maoquai

tip-toeing through academia

Blog

Academic freedom and early career academia

Published 7 August 2014

Beginning during the very first term of graduate school, our disciplining begins, as we are guided toward performing our academic personalities in ways that will prepare us for tenure. My first introduction to this shaping aspect was

Thoughts at the end of graduate school

Published 7 July 2014

Graduate school has ended for me. I’ve been incredibly fortunate along the entire path, and i continue to be as i venture forward (i have officially begun a 2-year postdoc at Dartmouth). A number of

Exercising the student ID

Published 24 June 2014

Jason and I are standing in line for the student and senior rush tickets for the San Francisco Opera. And yes, we are, as usual, the youngest people in line. It occurs to me

Writing, publishing, pirating – oh my!

Published 11 March 2014

I made an off-handed comment on my Facebook page last night: Protip: If your book is not available in “preview” through Google Books search, i’m not going to read it, cite it, or make any

CFP: First Relational Poverty Network Annual Meeting

Published 5 March 2014

The gloriously brilliant and delightful Victoria Lawson and Sarah Elwood have launched the Relational Poverty Network! And they are already working toward the first public meeting. The Relational Poverty Network welcomes abstracts for paper sessions

Grey lines of humanitarianism – finding ‘balance’ in research

Published 7 February 2014

I’m writing a chapter in my dissertation about the role of the Rockefeller Foundation during the US occupation of Haiti (1915-1934). The RF was rather reluctant to engage with the US Navy in Haiti,

Women, revolution, and “cuteness”

Women, revolution, and “cuteness”

Published 16 January 2014

I just got in a fight with one of my closest friends. He posted a picture of a young Thai woman who was running to take a picture of her friend holding a flag

moral economies / economies of death [ii]

Published 22 December 2013

One of the more disturbing aspects of my research has been the plethora of death and trophy photos that i have accidentally stumbled upon. Some of them were un-cataloged photos in an obscure NARA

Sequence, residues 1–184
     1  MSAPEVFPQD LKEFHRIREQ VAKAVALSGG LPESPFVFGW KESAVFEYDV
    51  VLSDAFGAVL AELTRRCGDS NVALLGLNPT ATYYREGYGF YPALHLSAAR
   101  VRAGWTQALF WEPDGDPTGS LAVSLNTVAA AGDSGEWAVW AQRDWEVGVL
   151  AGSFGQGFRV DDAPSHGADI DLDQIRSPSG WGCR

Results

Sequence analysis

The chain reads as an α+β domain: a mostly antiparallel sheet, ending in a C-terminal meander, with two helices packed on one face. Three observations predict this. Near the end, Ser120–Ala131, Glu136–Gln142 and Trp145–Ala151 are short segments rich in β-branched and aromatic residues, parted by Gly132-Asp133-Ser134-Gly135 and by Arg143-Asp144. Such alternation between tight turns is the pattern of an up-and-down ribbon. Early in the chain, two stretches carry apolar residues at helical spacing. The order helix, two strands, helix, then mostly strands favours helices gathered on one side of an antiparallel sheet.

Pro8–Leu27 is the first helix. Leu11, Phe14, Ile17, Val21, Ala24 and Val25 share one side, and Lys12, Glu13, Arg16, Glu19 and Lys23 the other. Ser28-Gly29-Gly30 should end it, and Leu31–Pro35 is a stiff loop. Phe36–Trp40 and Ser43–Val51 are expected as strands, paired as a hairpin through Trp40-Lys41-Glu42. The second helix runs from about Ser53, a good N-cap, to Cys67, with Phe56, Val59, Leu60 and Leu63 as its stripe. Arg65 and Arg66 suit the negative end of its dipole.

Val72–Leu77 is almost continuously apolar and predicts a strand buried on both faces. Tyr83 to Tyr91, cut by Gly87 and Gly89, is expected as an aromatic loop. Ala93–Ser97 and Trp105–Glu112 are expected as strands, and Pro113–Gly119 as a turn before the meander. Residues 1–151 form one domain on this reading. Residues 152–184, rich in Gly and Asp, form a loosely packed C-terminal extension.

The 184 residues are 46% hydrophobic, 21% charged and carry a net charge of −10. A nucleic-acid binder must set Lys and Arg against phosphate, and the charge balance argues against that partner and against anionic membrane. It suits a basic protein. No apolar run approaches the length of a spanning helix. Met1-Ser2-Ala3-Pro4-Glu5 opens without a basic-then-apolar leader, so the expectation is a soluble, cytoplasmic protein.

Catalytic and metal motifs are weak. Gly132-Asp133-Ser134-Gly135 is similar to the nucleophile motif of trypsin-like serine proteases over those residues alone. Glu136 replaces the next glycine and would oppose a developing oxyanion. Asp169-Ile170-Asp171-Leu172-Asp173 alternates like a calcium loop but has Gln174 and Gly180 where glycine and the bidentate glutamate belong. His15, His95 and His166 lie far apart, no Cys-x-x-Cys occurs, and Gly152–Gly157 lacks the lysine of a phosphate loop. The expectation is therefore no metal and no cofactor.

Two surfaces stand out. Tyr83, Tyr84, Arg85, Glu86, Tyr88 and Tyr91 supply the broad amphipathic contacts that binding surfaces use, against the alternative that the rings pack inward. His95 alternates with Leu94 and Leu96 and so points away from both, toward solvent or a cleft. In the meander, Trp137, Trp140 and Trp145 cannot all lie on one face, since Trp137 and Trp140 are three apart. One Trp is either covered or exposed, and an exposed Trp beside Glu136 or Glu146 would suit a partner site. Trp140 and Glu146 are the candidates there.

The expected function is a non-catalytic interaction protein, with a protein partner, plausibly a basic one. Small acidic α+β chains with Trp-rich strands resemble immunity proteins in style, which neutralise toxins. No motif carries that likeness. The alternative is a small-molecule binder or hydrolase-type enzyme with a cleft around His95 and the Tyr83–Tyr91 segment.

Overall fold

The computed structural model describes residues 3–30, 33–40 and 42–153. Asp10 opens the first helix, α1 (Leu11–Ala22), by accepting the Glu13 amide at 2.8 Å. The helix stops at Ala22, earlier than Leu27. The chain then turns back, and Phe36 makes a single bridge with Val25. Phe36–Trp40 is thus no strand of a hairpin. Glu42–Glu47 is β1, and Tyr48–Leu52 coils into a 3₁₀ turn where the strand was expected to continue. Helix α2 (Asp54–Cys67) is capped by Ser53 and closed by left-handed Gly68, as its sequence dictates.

Economies of Death revisited

Published 10 December 2013

I’ve been thinking a lot about death, lately. Not in a morbid way. Katie Gillespie and i have been talking about this for a long time. Her work centers on the life course of

CALL FOR PAPERS – Encountering Urban Diversity in Asia: Class and Other Intersections

Published 4 December 2013

Posted from NUS website: CALL FOR PAPERS (DEADLINE: 30 DEC 2013) This workshop is organised by the Migration Clusters of Asia Research Institute, & Faculty of Arts and Social Sciences, National University of Singapore. It also has

Always in all ways a potential criminal in SF

Published 24 November 2013

We recently moved to San Francisco. I’ve been struck by the ways in which people are pre-criminalized by the city. There is a sense that anyone who uses public spaces and public services are already-always

20th Annual Critical Geography Conference

Published 28 October 2013

The 20th Annual Critical Geography Conference CFP is up. Conference will be held 21-23 February 2014 in Boulder, CO. Themes this year are, “Gegraphies Otherwise,” “Critical Traditions, Revisited,” “Decolonizing Methods,” and “Diversifying Geography.” The

On witnessing violence

On witnessing violence

Published 10 October 2013

I accompanied Katie on another research field site last week. It’s been a year since our last shared excursion. This time was different. I’m not sure why. Maybe i’ve learned more tools for compartmentalizing. Maybe it’s

The unlikely yoga teacher

Published 10 October 2013

Everyone says, “Make sure you exercise” when you first start graduate school. They’ll remind you at annual meetings about life-work balance. They chime in again at check-ins. It’s a constant topic of conversation over

On Human Rights “backsliding”

Published 30 September 2013

I spent the better part of this morning reading a paper (as yet unpublished) by Andrew T. Guzman and Katerina Linos (both of Berkeley Law) titled “Human Rights Backsliding” and then attending a talk

Mysteriously missing – the Archive edition

Published 29 September 2013

I’ve been hunting for the documentation linking the Rockefeller Foundation with the U.S. military occupation in Haiti in the early 20th century. The story of Rockefeller in Haiti is old news. The RF was

CFP AAG 2014 Economies of Death

Published 26 August 2013

My colleague, Katie Gillespie and i have posted a CFP for the AAG Annual Meeting in Tampa, 2014: Economies of Death: Economic logics of killable life and grievable death Organizers: Patricia Lopez (Geography, University of Washington) Kathryn Gillespie

Governmentalities of the micro (eugenics), pt. 1

Published 28 July 2013

We had a lovely chat last night with a colleague of Jason’s and his wife – a science education policy advocate. The question of eugenics arose – on the one hand, the long and

Judith Butler, Je t’aime

Published 25 July 2013

I found an interview with Judith Butler hanging around in an open tab on my computer this morning. I have no idea whose blog i plucked it out of two days ago, so apologies

Legal justice and caring

Published 19 July 2013

I’ve been working on a paper from ethnographic work i conducted at a health clinic a few years ago, looking at the intersections of care work and care ethics through the binds of governmentalities

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